With the increasing privatization of prisons, a growing
issue is whether individual employees in private federal
prisons are liable through a Bivens suit for violating the
constitutional rights of inmates. Four circuits have
confronted the issue. Three circuits have held that no
Bivens action is available; but recently the Ninth Circuit
has held the contrary.
The Supreme Court's Bivens case law offers mixed
messages as to whether an implied cause of action should
be available in this situation. One view is that, despite an
initial willingness to expand Bivens, the Supreme Court
has consistently moved away from recognizing new Bivens
suits. An expanding class of alternative remedies that are
considered adequate to foreclose a Bivens action could
explain part of this shift. Another interpretation is that
recent Supreme Court cases have reaffirmed that the
Supreme Court's current approach to Bivens is
substantially the same as it was right after Bivens was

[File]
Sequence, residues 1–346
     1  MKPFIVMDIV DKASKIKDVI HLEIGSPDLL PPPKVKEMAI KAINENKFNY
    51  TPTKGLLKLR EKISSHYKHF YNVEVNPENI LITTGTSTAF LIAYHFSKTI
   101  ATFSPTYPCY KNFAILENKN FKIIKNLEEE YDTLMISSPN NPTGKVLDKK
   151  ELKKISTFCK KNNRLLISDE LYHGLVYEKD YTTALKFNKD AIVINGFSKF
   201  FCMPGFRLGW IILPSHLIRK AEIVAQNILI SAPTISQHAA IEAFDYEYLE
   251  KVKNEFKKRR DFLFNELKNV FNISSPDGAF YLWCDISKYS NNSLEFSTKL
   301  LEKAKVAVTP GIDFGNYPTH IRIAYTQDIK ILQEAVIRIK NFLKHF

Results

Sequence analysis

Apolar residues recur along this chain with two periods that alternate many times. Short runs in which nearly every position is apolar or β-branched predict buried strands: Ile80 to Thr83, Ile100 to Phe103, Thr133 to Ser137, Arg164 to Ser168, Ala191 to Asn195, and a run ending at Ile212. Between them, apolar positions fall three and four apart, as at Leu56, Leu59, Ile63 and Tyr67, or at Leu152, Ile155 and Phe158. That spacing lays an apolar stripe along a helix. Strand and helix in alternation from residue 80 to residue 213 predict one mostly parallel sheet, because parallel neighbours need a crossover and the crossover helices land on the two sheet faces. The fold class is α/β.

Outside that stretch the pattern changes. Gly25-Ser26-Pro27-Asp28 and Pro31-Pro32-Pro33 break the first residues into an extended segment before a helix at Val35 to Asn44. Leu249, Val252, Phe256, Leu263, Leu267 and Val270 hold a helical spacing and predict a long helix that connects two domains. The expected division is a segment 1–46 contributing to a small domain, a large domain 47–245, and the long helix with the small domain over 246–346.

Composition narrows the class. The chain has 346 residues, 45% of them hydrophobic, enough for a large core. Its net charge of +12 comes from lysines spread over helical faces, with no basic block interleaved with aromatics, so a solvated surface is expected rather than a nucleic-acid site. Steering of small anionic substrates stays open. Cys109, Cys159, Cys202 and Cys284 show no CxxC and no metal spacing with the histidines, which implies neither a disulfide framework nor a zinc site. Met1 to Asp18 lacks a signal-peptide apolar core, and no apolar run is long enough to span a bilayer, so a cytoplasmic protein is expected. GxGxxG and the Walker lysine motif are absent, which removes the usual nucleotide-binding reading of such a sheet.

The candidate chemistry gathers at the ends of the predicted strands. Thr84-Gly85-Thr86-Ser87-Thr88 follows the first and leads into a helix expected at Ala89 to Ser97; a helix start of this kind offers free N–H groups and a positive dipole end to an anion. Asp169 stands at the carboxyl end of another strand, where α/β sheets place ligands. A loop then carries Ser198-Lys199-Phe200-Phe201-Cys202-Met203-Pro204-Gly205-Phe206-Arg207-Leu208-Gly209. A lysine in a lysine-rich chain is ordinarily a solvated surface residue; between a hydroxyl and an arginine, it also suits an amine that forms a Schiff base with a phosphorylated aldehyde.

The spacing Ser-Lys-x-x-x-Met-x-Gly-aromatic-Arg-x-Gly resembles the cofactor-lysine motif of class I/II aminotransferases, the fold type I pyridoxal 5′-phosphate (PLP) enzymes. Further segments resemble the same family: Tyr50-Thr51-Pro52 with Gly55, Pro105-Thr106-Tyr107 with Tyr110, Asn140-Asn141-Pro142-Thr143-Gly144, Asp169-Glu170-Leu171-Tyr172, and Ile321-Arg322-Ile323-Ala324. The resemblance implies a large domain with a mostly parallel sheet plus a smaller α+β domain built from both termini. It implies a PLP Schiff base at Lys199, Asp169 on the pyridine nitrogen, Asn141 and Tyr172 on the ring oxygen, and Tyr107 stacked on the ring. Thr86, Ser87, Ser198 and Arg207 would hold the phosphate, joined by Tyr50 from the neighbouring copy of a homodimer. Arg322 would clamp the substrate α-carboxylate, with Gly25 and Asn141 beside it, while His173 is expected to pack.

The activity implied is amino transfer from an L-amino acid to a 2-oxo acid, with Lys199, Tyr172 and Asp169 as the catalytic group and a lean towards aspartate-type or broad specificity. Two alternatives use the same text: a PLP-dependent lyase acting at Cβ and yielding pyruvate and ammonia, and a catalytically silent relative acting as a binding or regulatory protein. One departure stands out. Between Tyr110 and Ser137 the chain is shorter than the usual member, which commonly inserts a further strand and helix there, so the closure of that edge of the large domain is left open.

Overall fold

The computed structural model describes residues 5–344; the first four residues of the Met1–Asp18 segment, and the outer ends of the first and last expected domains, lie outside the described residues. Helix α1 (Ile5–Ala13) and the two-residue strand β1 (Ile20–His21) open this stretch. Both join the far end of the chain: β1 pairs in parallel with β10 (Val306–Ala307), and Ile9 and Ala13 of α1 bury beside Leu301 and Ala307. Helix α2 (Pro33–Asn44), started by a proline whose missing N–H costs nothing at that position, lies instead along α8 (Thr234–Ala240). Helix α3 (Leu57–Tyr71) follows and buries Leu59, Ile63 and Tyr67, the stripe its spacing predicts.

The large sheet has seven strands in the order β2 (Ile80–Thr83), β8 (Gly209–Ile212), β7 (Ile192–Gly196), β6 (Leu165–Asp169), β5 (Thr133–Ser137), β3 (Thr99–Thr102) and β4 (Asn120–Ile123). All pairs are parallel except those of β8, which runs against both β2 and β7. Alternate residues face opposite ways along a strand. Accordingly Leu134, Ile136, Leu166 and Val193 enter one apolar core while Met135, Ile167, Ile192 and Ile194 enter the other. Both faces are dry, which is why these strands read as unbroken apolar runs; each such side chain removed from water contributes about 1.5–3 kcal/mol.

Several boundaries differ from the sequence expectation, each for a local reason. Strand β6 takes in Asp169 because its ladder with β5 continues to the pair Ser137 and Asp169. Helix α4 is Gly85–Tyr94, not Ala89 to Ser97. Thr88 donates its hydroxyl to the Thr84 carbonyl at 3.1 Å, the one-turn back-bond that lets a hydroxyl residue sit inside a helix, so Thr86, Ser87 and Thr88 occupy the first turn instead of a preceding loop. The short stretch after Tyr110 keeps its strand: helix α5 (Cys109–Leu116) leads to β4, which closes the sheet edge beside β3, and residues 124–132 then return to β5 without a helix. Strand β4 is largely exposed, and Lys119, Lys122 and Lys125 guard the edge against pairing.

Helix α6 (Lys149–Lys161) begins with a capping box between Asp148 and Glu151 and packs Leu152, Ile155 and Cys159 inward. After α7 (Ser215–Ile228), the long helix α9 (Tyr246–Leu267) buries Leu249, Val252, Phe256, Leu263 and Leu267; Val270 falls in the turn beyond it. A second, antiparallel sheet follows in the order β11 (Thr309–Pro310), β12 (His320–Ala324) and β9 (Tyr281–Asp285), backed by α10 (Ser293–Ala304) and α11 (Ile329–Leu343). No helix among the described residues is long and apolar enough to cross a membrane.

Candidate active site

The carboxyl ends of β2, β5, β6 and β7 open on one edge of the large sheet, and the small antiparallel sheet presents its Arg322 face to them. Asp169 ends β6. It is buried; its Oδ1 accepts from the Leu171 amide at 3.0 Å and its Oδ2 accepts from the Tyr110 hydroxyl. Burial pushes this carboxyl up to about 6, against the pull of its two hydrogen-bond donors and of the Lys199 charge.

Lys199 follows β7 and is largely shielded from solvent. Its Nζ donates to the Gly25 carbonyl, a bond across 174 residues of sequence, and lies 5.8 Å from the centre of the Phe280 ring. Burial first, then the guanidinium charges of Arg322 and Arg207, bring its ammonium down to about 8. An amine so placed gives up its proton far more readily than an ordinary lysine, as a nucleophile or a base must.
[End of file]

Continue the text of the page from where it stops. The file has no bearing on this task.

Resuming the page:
This Note will argue that based on recent Supreme
Court jurisprudence private prison employees should not
be subject to Bivens liability. Important policy
considerations underlying Bivens actions further suggest
a finding of no liability. Also, because a state law
negligence suit should be viewed as an adequate
alternative, the creation of an implied cause of action in
this context is unnecessary.
Edmundson, Isabella R.
"Imprisoned by Liability: Why Bivens Suits Should Not Be Available Against Employees of Privately Run Federal Prisons,"
Georgia Law Review: Vol. 45:
4, Article 6.
Available at: https://digitalcommons.law.uga.edu/glr/vol45/iss4/6